Want to Save Seeds? Here's How to Do it

By Matt Steiger | September 15, 2011
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saving seeds

If you've got an edible garden, chances are you've contemplated saving your own seeds. Socio-political reasons aside, there are many practical reasons to do it: You can maintain your stock of favorite and rare varietals, without having to re-buy every year, and you can also create some really outstanding fruits and veggies.

Seed saving is a rewarding practice. Each year you harvest the seeds from your very best specimens, process and store them, then plant them again the following year. Over time your plants evolve to thrive in your exact microclimate, and your garden becomes ever more delicious and fruitful.

For saving purposes, seeds are separated into two general categories: dry and wet. Dry seeds come in a pod or husk, as in lettuce, herbs or beans. Wet seeds are hidden inside tasty fruit, such as tomatoes and peppers.

Seeds must be allowed to fully develop. This sometimes means allowing things to mature well beyond the normal (or even edible) harvest point. Tomatoes and peppers are usually harvested ripe, but you'll have to let your basil and lettuce go to seed. If you're collecting squash seeds you need to leave the fruit on the vine until it is woody and hard.

To harvest husk seeds, first let them fully dry out on the plant. Then ever so carefully cut the stem below the husks, insert the cutting into a paper bag, and shake vigorously. If the seeds don't appear fully dry you can place them on a porcelain plate for a few days to finish. Podded seeds can be removed by hand once fully dried and hardened.

Wet seeds have a protective moisture barrier. Ever wondered why tomatoes don't start sprouting in the fruit? These seeds should be processed by fermentation, which dissolves the protective coating and kills seed-borne diseases. To ferment, scrape the seeds out of the fruit. Don't fret about removing all the plant matter, a bit of fruit is perfect to get fermentation going. Put the seeds in a glass and fill with water. After a few days you'll notice lots of mold on top, probably with some seeds stuck inside. Clean floating seeds are bad, and should be removed. Seeds buoyed by plant matter can be stirred back in.

Remove the moldy layer with a spoon and top-up the water. Repeat this process until you have a layer of clean seeds sitting in a glass of clean water. Then dump the water and place the seeds on a porcelain plate to dry. Make sure they aren't touching or they'll stick together permanently.

Good record keeping is an essential component of seed saving. Keep your dried seeds in a sealed paper envelope (coin I envelopes are perfect). Label with the plant, date, and any notes you want to keep on the specimen. Store the envelope in a cool dry place until next year.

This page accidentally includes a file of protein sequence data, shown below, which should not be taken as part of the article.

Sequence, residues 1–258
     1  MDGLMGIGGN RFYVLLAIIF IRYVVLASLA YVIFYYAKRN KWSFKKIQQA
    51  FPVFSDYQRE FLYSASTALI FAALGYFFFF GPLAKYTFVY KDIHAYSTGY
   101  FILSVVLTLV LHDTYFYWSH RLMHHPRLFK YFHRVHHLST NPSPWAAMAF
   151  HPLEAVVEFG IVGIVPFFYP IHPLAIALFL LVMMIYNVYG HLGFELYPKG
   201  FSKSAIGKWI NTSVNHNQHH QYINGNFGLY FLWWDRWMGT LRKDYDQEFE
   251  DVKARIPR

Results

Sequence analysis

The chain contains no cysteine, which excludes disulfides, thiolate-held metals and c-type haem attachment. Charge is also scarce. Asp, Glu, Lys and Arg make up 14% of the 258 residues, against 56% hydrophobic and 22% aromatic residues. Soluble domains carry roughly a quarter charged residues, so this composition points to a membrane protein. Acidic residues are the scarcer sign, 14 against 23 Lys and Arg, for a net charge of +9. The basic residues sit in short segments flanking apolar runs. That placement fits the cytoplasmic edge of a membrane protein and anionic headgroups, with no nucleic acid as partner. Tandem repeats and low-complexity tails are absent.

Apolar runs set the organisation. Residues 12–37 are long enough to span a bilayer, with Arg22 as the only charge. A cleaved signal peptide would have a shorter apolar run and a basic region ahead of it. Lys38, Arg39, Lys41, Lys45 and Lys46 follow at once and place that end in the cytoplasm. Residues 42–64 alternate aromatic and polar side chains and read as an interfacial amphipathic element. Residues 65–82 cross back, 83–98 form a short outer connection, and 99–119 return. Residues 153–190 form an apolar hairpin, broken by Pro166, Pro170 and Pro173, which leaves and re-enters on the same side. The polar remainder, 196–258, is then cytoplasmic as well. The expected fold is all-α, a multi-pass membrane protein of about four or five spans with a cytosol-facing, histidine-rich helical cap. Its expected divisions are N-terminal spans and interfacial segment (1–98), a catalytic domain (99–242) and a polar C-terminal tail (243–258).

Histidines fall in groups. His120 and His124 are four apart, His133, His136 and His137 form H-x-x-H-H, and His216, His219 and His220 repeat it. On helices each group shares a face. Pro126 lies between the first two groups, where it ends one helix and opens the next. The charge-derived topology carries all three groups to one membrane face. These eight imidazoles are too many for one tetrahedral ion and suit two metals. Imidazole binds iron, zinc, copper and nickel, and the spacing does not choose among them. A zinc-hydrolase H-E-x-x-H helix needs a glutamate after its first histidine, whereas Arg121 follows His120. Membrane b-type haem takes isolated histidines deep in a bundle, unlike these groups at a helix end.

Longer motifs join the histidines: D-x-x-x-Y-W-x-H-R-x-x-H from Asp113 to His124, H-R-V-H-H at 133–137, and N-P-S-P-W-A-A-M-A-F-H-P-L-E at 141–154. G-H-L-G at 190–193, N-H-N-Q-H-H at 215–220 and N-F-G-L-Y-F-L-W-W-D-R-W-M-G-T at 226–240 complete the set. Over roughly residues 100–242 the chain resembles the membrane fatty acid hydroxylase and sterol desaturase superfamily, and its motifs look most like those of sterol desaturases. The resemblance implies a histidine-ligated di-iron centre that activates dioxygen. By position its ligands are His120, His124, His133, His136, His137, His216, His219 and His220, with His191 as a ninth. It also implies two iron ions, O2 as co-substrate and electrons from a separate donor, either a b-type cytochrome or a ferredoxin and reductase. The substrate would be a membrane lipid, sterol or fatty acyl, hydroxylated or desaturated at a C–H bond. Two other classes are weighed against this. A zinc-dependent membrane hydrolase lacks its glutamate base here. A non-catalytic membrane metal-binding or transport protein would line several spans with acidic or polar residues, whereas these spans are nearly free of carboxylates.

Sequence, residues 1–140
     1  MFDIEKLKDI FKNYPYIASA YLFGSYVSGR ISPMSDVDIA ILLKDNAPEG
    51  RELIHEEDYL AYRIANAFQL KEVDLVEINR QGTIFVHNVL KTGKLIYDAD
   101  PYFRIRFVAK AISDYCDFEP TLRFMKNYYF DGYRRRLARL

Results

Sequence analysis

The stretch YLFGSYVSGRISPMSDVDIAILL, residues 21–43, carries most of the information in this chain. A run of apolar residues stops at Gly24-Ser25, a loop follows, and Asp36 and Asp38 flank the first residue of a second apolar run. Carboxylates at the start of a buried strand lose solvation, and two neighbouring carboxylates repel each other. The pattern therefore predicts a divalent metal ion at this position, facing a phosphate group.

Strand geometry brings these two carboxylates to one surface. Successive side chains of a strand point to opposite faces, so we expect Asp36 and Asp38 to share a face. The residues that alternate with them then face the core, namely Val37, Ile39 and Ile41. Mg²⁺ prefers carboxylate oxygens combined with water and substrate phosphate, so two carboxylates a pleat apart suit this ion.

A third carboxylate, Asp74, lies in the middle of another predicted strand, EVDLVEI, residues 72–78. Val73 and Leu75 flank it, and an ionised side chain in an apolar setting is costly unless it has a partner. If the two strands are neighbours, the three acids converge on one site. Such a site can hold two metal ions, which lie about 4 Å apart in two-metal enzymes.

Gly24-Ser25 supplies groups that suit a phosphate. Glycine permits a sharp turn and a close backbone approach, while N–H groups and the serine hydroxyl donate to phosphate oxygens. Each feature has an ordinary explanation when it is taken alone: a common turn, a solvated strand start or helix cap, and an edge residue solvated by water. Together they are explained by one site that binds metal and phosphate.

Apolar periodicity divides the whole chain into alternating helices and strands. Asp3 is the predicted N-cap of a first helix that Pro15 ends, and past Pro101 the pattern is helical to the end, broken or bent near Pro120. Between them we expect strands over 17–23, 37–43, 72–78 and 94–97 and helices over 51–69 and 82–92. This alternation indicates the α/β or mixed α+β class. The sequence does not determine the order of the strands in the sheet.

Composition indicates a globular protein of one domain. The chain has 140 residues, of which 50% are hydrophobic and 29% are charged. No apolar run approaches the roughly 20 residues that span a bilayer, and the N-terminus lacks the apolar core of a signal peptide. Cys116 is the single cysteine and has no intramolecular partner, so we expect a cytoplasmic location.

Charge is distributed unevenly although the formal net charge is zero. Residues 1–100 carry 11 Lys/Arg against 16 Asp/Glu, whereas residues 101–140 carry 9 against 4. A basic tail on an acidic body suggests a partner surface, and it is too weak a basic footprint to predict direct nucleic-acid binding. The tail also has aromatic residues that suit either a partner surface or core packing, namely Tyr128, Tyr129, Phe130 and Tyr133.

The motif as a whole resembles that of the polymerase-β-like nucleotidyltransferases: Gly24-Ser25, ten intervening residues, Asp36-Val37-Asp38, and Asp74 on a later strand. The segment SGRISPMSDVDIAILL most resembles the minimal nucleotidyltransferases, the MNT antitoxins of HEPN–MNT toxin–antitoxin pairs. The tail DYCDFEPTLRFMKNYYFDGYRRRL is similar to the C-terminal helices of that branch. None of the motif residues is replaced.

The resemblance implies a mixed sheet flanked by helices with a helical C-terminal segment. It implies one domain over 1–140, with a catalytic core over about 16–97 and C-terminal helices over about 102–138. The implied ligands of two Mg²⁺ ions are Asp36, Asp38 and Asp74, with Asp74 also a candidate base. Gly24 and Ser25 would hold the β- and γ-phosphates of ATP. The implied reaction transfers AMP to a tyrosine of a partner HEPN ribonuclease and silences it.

Not all seeds can or should be saved. The issue is cross-pollination. An Armenian cucumber can pollinate a cantaloupe. The result will still be a cantaloupe, but its seeds will be hybrid; the second generation will be unpredictable and the third generation will most likely be infertile.

Before going to too much effort, it is worth checking for the specifics of the seeds you want to save; seedsavers.org is a good resource. Fortunately, some of the best stuff is self-pollinating: tomatoes, lettuce, beans, peas, peppers and most herbs. All these make purebred seeds that will produce reliably the following year.

There are two proven ways to prevent cross-pollination: separation and isolation. To separate, put cross-pollinating plants as far from each other as possible. This can be difficult to achieve, however, because some pollen travels for miles and you can't control what your neighbors grow. Isolation is achieved with a bee barrier (like fine netting) over the plant. This keeps intruding pollens out, but also means you'll have to pollinate by hand.

Though cross-pollinators are more effort, some of the rare/expensive specimens might be worth it. You may even get lucky, with none of your neighbors growing similar varietals. Just keep experimenting, maintain good records and don't be afraid to fail! There's also the possibility (albeit slim) that one of your cross-pollinated plants will turn out to be really great. Happy gardening!

Article from Edible San Diego at http://ediblesandiego.ediblecommunities.com/things-do/want-save-seeds-heres-how-do-it
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